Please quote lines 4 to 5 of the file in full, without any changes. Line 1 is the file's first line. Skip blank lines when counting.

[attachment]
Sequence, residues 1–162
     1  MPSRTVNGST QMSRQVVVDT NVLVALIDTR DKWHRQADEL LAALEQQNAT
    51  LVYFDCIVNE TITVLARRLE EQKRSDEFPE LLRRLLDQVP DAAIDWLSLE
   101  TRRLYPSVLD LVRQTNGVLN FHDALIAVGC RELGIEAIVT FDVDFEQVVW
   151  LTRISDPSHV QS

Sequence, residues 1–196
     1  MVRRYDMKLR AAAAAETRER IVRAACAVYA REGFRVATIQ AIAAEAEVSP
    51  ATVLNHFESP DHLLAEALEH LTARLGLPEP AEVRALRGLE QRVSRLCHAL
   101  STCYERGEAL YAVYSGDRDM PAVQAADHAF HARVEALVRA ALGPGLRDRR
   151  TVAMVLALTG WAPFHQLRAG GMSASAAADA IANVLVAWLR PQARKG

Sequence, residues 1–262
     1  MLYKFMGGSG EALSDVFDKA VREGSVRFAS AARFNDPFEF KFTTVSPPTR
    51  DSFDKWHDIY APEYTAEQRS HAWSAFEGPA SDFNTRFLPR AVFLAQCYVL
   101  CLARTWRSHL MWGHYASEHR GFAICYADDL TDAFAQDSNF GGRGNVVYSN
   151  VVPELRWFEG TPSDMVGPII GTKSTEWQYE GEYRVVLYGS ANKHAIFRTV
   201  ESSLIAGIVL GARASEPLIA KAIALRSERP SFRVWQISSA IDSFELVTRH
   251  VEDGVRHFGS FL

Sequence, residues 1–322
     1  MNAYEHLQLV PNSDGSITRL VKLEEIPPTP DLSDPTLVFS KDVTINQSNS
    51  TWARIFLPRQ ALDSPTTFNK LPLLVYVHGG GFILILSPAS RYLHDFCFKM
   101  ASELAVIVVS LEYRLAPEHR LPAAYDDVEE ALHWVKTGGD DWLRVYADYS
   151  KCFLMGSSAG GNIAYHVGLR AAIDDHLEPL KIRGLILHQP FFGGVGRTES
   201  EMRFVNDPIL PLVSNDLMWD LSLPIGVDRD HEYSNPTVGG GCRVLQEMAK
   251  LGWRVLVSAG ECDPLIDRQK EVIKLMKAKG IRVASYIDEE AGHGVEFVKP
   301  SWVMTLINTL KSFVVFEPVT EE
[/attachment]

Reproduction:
   101  TRRLYPSVLD LVRQTNGVLN FHDALIAVGC RELGIEAIVT FDVDFEQVVW
   151  LTRISDPSHV QS